NOTRE DAME — TJ Jones was wearing a Notre Dame No. 7 jersey a decade before he’d even run out of the tunnel at the stadium.
Undoubtedly, it was a little baggy then. But Jones wore it with pride on “favorite college day” at his elementary school in Gainesville, Ga., the heart of SEC country. Not only had that jersey been worn by his father, Andre Jones, during his four years at Notre Dame (1987-1990), but it was also a jersey that had seen a national championship in 1988.
At home, Jones would often wear his father’s watch and ring from the 1990 Orange Bowl. His father loved reflecting on the 1988 championship season, telling his son the story of the infamous Miami tunnel fight time and time again.
“I used to hear it all the time,” TJ Jones said. “Just how it went down. Then they get in the locker room and everyone is crying and Lou Holtz had his little speech and then they get on the field. He said that was one of the best games he’d ever been apart of.”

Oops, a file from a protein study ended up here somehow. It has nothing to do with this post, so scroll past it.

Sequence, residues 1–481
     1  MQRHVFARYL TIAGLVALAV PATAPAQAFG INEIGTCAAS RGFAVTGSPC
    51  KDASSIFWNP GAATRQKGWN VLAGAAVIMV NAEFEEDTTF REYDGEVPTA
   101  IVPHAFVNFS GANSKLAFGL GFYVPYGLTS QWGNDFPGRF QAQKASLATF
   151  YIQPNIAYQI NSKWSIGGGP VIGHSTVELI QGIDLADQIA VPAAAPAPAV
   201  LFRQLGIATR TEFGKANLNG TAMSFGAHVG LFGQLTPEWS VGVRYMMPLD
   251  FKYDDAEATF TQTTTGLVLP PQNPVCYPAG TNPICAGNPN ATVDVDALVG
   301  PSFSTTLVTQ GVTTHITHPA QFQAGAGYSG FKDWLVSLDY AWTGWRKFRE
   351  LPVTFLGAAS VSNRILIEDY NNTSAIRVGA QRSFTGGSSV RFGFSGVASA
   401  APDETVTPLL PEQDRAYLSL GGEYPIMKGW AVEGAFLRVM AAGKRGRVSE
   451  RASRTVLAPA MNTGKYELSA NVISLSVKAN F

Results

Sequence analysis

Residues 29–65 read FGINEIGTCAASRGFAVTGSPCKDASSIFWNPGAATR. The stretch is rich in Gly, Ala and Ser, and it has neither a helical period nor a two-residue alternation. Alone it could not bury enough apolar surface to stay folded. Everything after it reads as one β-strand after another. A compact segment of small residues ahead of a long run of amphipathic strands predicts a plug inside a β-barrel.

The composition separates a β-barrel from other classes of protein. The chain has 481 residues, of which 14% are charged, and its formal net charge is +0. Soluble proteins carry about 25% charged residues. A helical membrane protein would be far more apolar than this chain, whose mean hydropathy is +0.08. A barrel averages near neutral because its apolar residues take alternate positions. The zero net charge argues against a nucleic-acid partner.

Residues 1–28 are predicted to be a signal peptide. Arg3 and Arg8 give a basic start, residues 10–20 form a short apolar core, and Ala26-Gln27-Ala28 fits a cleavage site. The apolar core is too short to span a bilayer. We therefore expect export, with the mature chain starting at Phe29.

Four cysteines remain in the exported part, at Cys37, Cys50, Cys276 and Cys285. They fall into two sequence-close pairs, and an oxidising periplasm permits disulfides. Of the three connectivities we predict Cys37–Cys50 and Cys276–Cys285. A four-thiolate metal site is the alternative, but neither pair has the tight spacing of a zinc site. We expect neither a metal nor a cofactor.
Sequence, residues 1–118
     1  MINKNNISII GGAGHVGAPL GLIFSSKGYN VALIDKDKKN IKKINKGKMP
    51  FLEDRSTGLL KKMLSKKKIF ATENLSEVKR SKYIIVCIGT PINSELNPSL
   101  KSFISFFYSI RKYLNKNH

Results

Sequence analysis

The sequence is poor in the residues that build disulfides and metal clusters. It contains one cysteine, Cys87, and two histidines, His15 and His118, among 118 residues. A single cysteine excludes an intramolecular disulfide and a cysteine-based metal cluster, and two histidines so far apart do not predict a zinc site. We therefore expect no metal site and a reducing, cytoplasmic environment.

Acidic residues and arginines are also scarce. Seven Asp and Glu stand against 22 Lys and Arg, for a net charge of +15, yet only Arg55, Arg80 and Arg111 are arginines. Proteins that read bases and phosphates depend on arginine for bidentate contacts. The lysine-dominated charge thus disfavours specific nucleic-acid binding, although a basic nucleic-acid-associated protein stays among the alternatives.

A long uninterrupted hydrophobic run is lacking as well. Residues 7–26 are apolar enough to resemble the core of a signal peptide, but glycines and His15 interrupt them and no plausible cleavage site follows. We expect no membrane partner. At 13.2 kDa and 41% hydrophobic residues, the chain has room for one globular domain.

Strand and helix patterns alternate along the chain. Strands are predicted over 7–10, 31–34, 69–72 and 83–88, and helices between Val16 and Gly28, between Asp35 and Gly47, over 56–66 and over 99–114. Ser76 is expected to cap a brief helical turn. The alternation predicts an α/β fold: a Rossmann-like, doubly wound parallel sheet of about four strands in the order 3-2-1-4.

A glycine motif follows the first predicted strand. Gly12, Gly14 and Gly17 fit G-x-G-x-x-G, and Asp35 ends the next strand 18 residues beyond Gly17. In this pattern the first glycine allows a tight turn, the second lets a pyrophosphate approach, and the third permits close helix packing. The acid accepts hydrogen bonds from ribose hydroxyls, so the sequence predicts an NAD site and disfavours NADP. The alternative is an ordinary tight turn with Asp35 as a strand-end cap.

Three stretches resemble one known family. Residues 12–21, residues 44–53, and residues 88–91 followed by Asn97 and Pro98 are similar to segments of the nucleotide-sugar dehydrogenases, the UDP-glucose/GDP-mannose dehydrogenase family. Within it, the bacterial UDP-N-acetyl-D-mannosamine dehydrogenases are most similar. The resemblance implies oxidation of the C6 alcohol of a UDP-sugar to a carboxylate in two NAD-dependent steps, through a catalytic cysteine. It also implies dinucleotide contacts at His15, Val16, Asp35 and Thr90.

Though Andre Jones died last year of a brain aneurism at age 42, his son is faced with getting a championship ring of his own in a few weeks when No. 1 Notre Dame (12-0) meets No. 2 Alabama (11-1) in the BCS title game.
This time, the No. 7 jersey fits little better.
Jones has helped fill in the gaping hole left by All-American receiver Michael Floyd this season. The junior trails team leader Tyler Eifert in receptions per game by only one catch (44 to 43) for 559 receiving yards and tied with Eifert for a team-high four touchdowns.
Jones will be returning to SEC country in January for the championship game in Miami. He said his decision to come to Notre Dame three years ago raised a lot of eyebrows back in high school.
“You get a lot of funny looks, a lot of ridicule, a lot of people ripping you for leaving the SEC,” he said. “But there were people who understand where I’m coming from and what I was looking for in a school and the success my dad had after football after graduating here.”
Jones said most of the ire came from people who couldn’t see the bigger picture beyond football, and in the south, it’s “football all year round, all the time.”
“They believe they’re the best conference in the nation,” Jones said of SEC fans. “A lot of fans there are grown up Georgia fans or Alabama fans. There’s a lot of deep-rooted hate for other schools but also deep-rooted love for their own school.”